John Peter Altgeld (1847–1902)
John Peter Altgeld was governor of Illinois during the Pullman strike and boycott. After immigrating to the United States from his native Germany, Altgeld served as a private in the Union Army and worked as a teacher and then as a lawyer in Missouri. He moved to Chicago in 1875, became active in the Democratic Party, and served as a judge of the Cook County Superior Court from 1886 to 1891. He was elected governor in 1892 with strong support from farm and labor groups. Believing that the Anarchists convicted in the notorious Haymarket Trial of 1886 had been denied a fair trial, he pardoned the three who remained incarcerated in 1893.
During the Pullman strike and boycott, Altgeld ordered companies of the state militia to Danville and Decatur with directions to quell rioting and to clear the way for rail traffic. This initiative seemed to produce calm, but President Grover Cleveland appeared unmindful of Altgeld’s efforts and ordered federal troops into Illinois. Altgeld was outraged and complained to the President. The railroads, Altgeld thought, were disrupted not because men had blocked the traffic but rather because strikers and their sympathizers would not work for railroads carrying Pullman cars. Altgeld also protested when U.S. Attorney General Richard Olney and his assistants sought and obtained an injunction against Eugene V. Debs and the leadership of the American Railway Union.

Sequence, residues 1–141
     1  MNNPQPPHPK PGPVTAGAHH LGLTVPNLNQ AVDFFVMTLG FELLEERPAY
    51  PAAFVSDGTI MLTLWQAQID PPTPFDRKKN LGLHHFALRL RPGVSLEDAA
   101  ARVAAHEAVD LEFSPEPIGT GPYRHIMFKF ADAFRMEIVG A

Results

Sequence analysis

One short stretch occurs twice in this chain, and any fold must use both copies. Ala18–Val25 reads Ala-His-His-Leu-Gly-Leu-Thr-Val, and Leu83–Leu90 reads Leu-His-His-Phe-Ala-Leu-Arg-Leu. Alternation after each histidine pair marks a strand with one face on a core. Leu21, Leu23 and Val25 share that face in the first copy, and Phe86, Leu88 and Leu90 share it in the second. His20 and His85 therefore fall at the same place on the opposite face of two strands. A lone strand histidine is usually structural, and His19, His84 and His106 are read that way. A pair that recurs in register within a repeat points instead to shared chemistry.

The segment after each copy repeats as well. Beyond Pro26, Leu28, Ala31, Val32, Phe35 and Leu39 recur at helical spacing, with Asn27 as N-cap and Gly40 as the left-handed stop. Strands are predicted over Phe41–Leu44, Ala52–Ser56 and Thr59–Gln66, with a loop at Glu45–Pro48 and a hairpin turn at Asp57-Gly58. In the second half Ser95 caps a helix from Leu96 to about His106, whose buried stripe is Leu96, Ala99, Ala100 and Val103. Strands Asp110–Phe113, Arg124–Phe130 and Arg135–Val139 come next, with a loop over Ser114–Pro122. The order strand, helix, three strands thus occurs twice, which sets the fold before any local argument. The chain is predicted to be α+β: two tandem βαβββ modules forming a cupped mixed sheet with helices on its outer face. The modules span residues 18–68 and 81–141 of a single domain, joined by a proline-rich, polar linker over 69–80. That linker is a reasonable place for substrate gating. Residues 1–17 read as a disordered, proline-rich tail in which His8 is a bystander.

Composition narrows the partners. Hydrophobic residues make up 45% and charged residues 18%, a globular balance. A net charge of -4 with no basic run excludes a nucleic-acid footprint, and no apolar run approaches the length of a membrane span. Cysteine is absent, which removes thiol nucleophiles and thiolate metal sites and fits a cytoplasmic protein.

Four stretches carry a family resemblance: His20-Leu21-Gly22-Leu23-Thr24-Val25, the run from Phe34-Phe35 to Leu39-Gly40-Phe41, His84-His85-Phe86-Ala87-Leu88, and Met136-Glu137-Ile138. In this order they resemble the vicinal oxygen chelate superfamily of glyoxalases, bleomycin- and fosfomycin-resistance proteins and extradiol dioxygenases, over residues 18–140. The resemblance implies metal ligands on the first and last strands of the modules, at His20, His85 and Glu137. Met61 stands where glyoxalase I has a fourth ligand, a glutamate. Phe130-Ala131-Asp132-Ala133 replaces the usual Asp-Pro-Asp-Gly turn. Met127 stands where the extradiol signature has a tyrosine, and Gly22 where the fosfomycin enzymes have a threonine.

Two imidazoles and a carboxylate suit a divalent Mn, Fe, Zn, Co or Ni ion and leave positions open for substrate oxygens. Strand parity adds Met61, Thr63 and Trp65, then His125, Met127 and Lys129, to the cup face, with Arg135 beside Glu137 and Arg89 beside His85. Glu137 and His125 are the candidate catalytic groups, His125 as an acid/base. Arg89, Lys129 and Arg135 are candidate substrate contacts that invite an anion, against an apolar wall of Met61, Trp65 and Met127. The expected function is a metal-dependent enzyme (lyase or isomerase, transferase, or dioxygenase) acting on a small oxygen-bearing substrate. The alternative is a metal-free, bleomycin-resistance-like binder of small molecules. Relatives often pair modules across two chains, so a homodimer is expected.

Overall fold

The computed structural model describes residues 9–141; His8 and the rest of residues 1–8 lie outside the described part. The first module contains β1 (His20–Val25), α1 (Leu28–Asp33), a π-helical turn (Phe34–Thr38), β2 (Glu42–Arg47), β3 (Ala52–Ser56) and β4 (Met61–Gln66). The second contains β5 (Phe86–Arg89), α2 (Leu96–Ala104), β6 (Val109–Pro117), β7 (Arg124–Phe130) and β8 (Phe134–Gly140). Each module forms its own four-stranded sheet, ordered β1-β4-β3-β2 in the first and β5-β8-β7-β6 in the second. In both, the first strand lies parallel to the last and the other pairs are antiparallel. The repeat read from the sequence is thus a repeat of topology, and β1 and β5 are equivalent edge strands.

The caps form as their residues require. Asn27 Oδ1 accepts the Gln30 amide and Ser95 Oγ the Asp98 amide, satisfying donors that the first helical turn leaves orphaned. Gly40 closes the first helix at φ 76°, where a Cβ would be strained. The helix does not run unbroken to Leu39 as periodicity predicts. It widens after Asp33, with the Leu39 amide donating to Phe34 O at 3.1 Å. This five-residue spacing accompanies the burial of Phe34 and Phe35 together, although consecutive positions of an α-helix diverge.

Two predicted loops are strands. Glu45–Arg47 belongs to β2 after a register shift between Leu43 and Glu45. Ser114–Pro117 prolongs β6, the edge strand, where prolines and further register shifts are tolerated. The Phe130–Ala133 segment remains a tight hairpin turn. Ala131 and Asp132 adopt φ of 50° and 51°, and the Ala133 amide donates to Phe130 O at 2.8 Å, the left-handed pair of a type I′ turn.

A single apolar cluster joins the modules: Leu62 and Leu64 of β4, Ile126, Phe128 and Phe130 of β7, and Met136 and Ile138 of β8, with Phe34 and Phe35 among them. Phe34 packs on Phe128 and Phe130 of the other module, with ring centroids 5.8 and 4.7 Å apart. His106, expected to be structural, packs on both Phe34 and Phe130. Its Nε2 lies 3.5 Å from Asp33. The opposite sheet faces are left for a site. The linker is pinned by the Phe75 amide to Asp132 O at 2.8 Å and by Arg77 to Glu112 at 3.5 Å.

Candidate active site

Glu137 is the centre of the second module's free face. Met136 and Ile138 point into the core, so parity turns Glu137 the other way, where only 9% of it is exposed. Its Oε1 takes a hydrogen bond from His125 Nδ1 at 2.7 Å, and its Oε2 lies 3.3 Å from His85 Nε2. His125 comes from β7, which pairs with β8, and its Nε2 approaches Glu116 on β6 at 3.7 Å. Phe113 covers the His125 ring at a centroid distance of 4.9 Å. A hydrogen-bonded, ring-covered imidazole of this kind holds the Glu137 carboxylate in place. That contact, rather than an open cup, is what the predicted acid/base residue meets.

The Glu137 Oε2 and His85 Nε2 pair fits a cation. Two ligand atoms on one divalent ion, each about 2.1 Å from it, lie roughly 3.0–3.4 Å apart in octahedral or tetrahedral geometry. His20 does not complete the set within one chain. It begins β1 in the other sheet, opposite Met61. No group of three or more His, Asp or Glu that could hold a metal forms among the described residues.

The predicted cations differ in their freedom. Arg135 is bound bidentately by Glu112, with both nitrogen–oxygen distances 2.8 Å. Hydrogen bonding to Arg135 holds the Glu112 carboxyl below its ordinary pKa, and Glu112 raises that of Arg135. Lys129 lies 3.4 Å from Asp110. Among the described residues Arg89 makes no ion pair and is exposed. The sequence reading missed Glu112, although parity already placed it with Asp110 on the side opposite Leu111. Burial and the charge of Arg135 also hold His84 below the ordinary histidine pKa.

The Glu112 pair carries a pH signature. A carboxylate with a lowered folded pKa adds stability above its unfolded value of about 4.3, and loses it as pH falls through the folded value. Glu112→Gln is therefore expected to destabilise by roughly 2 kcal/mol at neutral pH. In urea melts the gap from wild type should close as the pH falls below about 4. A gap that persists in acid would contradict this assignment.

Altgeld’s opposition to the use of troops and the injunction made him a great hero to many reform-minded Democrats, but it also contributed to his defeat when he sought reelection in 1896. Altgeld, however, did not change his opinion. Before his death in 1902, he said the decision in In re Debs “marks a turning point in our history, for it established a new form of government never before heard of among men, that is, government by injunction.” “The Constitution declares that our government has three departments,” he said, “the legislative, judicial and executive, and that no one shall tread on the other, but under this new order of things a federal judge becomes at once a legislator, court and executioner.”
The Debs Case: Labor, Capital, and the Federal Courts of the 1890s